You can use surveys, interviews, and assessments before and/or after a training session to help you stay in touch with the motivations, expectations, and goals of the people you are interacting with.

2. Lack of interaction

We’ve all been there. We’ve all had (at least) one teacher who loved the sound of their own voice a little too much. When you are expected to sit and listen to someone talking for hours, on end it can be difficult to concentrate and remain fully engaged. 

And this is not just restricted to listening to someone talking: if you are not an active participant it can be hard to stay alert – and it is also tempting to think you might as well do something else at the same time. This is obviously much easier to ‘get away with’ in an e-training session.

Making sure there is plenty of interaction will help increase engagement levels: if you know you might need to contribute you have to pay attention. Whether this is direct interaction between you and the trainees, or by setting team tasks for groups to collaborate on, you will be fostering greater levels of engagement. Online collaborative tools are perfectly designed to encourage team activities and participation by all trainees.

Hands-on training might not be possible in a literal sense, but if it is something that can be recreated virtually, why not include it in your session?

3. Poor design

Poor design – of the course or the materials used – can lead to lower levels of engagement. Sessions that are long and boring will not keep the interest of course participants. Training facilitators can take advantage of the technology at their disposal to make sure their sessions are visually appealing and make use of the different media available to mix things up and keep it fresh.

Ensuring that the course material is pitched at the right level for the audience is also vital. Making sure you have gleaned all the information you need ahead of time, either from your participants themselves or the person that has commissioned the course, will help you with this.

Use all the online tools that are appropriate to make your training sessions feel up to date and relevant, particularly if they can increase engagement levels too. Digital whiteboards, for example, facilitate teamwork and participation.

4. Uninspiring material

One of the advantages of online training is that it lends itself to all the different ways of teaching and assimilating information. Not all learners respond to the traditional teaching methods. While some people thrive on the old-school style of being lectured to, many do not. 

Introducing different types of media such as video, images and digital activities can help those who need to be able to see visual aids to process information. Online whiteboards are much more versatile than their real counterparts, as videos and pictures can also be shared on them. They can be easily saved and referred to in later sessions.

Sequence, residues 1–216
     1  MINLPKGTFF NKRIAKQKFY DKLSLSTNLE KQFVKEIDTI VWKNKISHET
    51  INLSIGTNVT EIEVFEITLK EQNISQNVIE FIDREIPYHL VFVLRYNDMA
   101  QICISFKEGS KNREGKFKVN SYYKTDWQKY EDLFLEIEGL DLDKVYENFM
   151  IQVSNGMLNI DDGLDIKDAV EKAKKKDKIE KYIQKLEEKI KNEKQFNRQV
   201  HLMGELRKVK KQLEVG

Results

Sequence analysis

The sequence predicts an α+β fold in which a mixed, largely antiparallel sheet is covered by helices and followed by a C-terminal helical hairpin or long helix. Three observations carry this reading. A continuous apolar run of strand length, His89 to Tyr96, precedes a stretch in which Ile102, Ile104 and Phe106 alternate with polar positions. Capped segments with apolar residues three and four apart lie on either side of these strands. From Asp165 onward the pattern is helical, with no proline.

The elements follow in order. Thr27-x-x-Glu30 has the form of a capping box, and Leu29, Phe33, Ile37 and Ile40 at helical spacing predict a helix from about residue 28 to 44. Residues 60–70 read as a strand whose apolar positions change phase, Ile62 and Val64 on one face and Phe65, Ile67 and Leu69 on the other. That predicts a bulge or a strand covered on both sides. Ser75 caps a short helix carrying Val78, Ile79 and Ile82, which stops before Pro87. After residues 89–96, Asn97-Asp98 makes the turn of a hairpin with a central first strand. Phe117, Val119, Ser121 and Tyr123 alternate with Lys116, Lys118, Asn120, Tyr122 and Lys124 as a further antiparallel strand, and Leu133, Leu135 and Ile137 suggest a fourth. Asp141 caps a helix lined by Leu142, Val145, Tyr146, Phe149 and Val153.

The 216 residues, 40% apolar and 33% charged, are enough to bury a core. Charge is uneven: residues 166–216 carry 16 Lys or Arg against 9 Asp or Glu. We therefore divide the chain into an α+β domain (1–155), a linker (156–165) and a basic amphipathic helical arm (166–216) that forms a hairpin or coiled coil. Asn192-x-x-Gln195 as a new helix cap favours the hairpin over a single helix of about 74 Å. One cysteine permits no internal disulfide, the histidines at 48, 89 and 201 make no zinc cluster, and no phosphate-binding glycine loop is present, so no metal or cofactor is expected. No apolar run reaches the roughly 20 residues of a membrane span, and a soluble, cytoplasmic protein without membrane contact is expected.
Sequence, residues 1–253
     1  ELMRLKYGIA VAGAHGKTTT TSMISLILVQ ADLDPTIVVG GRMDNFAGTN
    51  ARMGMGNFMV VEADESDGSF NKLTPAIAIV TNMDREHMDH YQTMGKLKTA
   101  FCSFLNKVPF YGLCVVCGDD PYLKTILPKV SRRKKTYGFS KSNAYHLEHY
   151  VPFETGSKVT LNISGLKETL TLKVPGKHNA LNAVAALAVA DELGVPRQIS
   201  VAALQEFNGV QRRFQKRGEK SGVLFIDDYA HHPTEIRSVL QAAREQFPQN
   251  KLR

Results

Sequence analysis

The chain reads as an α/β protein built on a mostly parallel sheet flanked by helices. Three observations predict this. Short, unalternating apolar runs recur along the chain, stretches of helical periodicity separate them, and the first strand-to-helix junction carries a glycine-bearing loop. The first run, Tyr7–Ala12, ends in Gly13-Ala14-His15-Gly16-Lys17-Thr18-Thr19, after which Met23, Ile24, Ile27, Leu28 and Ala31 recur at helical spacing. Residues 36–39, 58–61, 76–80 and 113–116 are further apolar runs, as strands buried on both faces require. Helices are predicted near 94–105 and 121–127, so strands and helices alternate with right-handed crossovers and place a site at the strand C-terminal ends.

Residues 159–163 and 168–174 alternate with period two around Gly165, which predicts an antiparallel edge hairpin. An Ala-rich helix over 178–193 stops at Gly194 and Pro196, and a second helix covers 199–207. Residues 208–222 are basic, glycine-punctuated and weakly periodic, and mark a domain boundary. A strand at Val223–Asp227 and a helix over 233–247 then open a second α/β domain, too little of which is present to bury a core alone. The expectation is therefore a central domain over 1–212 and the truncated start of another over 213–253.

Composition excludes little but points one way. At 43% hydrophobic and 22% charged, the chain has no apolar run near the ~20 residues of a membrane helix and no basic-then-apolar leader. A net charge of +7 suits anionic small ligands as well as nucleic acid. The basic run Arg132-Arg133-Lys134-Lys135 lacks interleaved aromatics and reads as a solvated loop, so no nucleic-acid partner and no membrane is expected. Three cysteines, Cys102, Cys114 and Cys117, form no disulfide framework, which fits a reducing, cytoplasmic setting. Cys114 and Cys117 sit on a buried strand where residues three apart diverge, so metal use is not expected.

Quizzes will promote active learning and help people get a better sense of what they have already learnt. Relating what is being taught to real-life situations will help students understand and apply the knowledge they are receiving. Looking at relevant case studies and using role play to act out real-world scenarios will help with engagement and learning outcomes.

5. Ignoring internal and external influences

The needs and preferences of different audiences cannot be ignored. You may have a course you deliver all the time, but no two audiences will be the same. Make sure you can adapt accordingly. 

In an in-person training setting it can become quickly evident that you need to change tack in some way. A lack of engagement can become obvious very quickly. It is much harder to ‘read the room’ in a virtual training session. However, making sure you have a backup plan for when things do not go as smoothly as you would have hoped will pay dividends.

There will always be outside influences beyond your control that can have an adverse effect. For example, technical issues can leave people feeling frustrated at best and unable to participate at worst: and the fallout from these sorts of issues can impact other learners too. 

People may be distracted by family members or other things they think they can do at the same time as your course. Engaging, interactive content will make this harder to manage: you want to win the battle against any distractions. But remember, there are some things you just can’t control, so don’t be disheartened by these.

Increase engagement by taking an active approach to it

Increased engagement leads to better learning outcomes and a general sense of greater wellbeing. More interaction means learners have to pay more attention. Paying more attention to what is being taught makes it easier to assimilate and retain information. And it will make the participants feel more positive and successful.

We know there are many criteria that have an impact on engagement levels: the subject, audience, and class size all matter, and so does whether you are teaching in person or remotely. Creating content that is relevant to your learners and that makes full use of all the collaborative tools and media available when teaching online will help create great results for everyone involved. And the more engaged the class is, the more successful it is likely to be.

Employee training and education tools are available to help training facilitators increase engagement and create better learning outcomes. Why not visit our resources page to see how we can help you create training and workshop materials that will make a difference?